Erlanson M, Franzén L, Henriksson R, Littbrand B, Löfroth PO. Planning of radiotherapy for patients with hip prosthesis. Int J Radiat Oncol Biol Phys 1991;20:1093-8.
Hilgers G, Nuver T, Minken A. The CT number accuracy of a novel commercial metal artifact reduction algorithm for large orthopedic implants. J Appl Clin Med Phys 2014;15:4597.
Keall PJ, Siebers JV, Jeraj R, Mohan R. Radiotherapy dose calculations in the presence of hip prostheses. Med Dosim 2003;28:107-12.
Keall PJ, Chock LB, Jeraj R, Siebers JV, Mohan R. Image reconstruction and the effect on dose calculation for hip prostheses. Med Dosim 2003;28:113-7.
Reft C, Alecu R, Das IJ, Gerbi BJ, Keall P, Lief E, et al
. Dosimetric considerations for patients with HIP prostheses undergoing pelvic irradiation. Report of the AAPM Radiation Therapy Committee Task Group 63. Med Phys 2003;30:1162-82.
Su A, Reft C, Rash C, Price J, Jani AB. A case study of radiotherapy planning for a bilateral metal hip prosthesis prostate cancer patient. Med Dosim 2005;30:169-75.
Kung JH, Reft H, Jackson W, Abdalla I. Intensity-modulated radiotherapy for a prostate patient with a metal prosthesis. Med Dosim 2001;26:305-8.
Lewis M, Reid K, Toms AP. Reducing the effects of metal artefact using high keV monoenergetic reconstruction of dual energy CT (DECT) in hip replacements. Skeletal Radiol 2013;42:275-82.
Ding GX, Yu CW. A study on beams passing through hip prosthesis for pelvic radiation treatment. Int J Radiat Oncol Biol Phys 2001;51:1167-75.
Glide-Hurst C, Chen D, Zhong H, Chetty IJ. Changes realized from extended bit-depth and metal artifact reduction in CT. Med Phys 2013;40:061711.
Kassim I, Joosten H, Barnhoorn JC, Heijmen BJ, Dirkx ML. Implications of artefacts reduction in the planning CT originating from implanted fiducial markers. Med Dosim 2011;36:119-25.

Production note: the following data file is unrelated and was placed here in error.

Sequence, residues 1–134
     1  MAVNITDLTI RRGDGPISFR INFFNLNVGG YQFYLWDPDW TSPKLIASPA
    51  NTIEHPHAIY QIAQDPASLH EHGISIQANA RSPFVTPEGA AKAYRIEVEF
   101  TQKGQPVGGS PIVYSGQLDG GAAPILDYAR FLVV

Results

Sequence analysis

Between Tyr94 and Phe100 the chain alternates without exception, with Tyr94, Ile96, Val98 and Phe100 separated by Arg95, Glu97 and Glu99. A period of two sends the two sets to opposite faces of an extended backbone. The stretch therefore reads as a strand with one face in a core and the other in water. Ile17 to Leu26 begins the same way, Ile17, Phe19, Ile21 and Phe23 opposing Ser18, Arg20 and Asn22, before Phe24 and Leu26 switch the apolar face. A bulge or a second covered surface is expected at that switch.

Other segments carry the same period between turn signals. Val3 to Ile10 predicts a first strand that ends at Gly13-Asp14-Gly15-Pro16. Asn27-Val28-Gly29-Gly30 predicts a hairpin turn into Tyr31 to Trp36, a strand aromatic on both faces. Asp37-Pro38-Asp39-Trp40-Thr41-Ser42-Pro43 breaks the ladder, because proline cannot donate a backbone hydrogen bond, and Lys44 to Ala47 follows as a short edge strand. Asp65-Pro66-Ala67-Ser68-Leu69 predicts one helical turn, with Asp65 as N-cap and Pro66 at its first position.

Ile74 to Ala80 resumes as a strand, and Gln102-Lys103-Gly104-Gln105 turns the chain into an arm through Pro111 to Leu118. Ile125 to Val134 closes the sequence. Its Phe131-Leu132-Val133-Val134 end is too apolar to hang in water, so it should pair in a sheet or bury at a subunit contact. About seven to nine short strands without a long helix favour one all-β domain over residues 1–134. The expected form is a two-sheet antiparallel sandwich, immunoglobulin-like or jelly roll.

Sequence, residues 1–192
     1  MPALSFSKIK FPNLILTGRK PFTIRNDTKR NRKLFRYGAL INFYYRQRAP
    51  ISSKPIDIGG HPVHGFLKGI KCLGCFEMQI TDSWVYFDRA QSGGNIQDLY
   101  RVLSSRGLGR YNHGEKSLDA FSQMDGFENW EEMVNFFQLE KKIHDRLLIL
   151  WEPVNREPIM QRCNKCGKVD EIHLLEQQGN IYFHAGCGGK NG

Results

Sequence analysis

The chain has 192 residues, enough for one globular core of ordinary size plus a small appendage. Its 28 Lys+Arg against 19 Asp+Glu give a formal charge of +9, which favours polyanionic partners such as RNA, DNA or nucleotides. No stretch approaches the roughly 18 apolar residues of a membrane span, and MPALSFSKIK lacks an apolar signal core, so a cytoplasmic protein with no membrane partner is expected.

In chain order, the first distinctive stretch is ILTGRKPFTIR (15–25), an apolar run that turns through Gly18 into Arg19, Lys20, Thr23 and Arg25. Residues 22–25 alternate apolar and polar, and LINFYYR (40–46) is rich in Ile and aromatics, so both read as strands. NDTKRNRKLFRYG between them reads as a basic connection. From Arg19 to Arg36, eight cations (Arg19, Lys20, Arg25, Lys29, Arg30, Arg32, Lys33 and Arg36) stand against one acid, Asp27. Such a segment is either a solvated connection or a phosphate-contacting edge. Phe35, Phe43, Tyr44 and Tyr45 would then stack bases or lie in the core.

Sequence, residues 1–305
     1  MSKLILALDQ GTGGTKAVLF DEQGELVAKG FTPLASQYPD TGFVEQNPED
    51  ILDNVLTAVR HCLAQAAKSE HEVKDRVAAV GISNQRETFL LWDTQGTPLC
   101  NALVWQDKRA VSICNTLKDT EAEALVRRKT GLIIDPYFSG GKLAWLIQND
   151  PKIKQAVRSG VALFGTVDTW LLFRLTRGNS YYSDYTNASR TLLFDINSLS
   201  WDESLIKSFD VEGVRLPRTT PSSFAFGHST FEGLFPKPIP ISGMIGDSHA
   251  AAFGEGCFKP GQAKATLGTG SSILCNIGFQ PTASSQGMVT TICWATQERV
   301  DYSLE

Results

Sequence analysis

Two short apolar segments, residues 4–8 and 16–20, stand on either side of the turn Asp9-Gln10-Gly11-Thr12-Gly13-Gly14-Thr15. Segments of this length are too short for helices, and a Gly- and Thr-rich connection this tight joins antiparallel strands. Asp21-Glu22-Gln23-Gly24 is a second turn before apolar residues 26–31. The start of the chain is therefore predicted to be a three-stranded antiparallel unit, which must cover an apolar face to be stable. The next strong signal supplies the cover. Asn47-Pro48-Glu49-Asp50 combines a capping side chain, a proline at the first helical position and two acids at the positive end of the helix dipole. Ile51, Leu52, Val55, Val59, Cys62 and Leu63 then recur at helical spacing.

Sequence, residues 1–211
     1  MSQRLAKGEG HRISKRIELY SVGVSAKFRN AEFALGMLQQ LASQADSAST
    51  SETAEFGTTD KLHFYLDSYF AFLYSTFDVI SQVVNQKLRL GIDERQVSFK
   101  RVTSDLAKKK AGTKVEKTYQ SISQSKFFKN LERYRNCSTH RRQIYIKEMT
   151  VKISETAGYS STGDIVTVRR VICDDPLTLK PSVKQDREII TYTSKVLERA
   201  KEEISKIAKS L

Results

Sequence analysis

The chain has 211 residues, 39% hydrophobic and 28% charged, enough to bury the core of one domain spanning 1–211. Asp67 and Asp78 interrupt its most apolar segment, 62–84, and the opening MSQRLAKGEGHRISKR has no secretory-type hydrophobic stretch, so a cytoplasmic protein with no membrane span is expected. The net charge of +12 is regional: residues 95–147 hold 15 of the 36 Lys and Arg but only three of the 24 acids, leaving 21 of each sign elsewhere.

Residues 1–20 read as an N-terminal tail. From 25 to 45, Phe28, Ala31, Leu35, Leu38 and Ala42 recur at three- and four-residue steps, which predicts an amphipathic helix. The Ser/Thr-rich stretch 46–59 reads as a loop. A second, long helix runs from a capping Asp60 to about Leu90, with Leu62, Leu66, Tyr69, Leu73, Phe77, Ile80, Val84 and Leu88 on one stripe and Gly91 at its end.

Kwon H, Kim KS, Chun YM, Wu HG, Carlson JN, Park JM, et al
., Evaluation of a commercial orthopaedic metal artefact reduction tool in radiation therapy of patients with head and neck cancer. Br J Radiol 2015;88:20140536.
Paudel MR, Mackenzie M, Fallone BG, Rathee S. Evaluation of normalized metal artifact reduction (NMAR) in kVCT using MVCT prior images for radiotherapy treatment planning. Med Phys 2013;40:081701.
Robertson DD, Yuan J, Wang G, Vannier MW. Total hip prosthesis metal-artifact suppression using iterative deblurring reconstruction. J Comput Assist Tomogr 1997;21:293-8.
Toftegaard J, Fledelius W, Seghers D, Huber M, Brehm M, Worm ES, et al
. Moving metal artifact reduction in cone-beam CT scans with implanted cylindrical gold markers. Med Phys 2014;41:121710.
Wang G, Snyder DL, O&#39;Sullivan JA, Vannier MW. Iterative deblurring for CT metal artifact reduction. IEEE Trans Med Imaging 1996;15:657-64.
Glover GH, Pelc NJ. An algorithm for the reduction of metal clip artifacts in CT reconstructions. Med Phys 1981;8:799-807.
Bal M, Spies L. Metal artifact reduction in CT using tissue-class modeling and adaptive prefiltering. Med Phys 2006;33:2852-9.
Wei J, Chen L, Sandison GA, Liang Y, Xu LX. X-ray CT high-density artefact suppression in the presence of bones. Phys Med Biol 2004;49:5407-18.
Andersson KM, Ahnesjö A, Vallhagen Dahlgren C. Evaluation of a metal artifact reduction algorithm in CT studies used for proton radiotherapy treatment planning. J Appl Clin Med Phys 2014;15:4857.
Baissalov R, Sandison GA, Donnelly BJ, Saliken JC, McKinnon JG, Muldrew K, et al
. Suppression of high-density artefacts in X-ray CT images using temporal digital subtraction with application to cryotherapy. Phys Med Biol 2000;45:N53-9.
Li H, Noel C, Chen H, Harold Li H, Low D, Moore K, et al.
Clinical evaluation of a commercial orthopedic metal artifact reduction tool for CT simulations in radiation therapy. Med Phys 2012;39:7507-17.
Yazdi M, Gingras L, Beaulieu L. An adaptive approach to metal artifact reduction in helical computed tomography for radiation therapy treatment planning: Experimental and clinical studies. Int J Radiat Oncol Biol Phys 2005;62:1224-31.
Coolens C, Childs PJ. Calibration of CT Hounsfield units for radiotherapy treatment planning of patients with metallic hip prostheses: The use of the extended CT-scale. Phys Med Biol 2003;48:1591-603.
Das IJ, Paganetti H. Principles and Practice of Proton Beam Therapy. Madison, WI: Medical Physics Publishing; 2015.
[Figure 1], [Figure 2], [Figure 3], [Figure 4], [Figure 5], [Figure 6]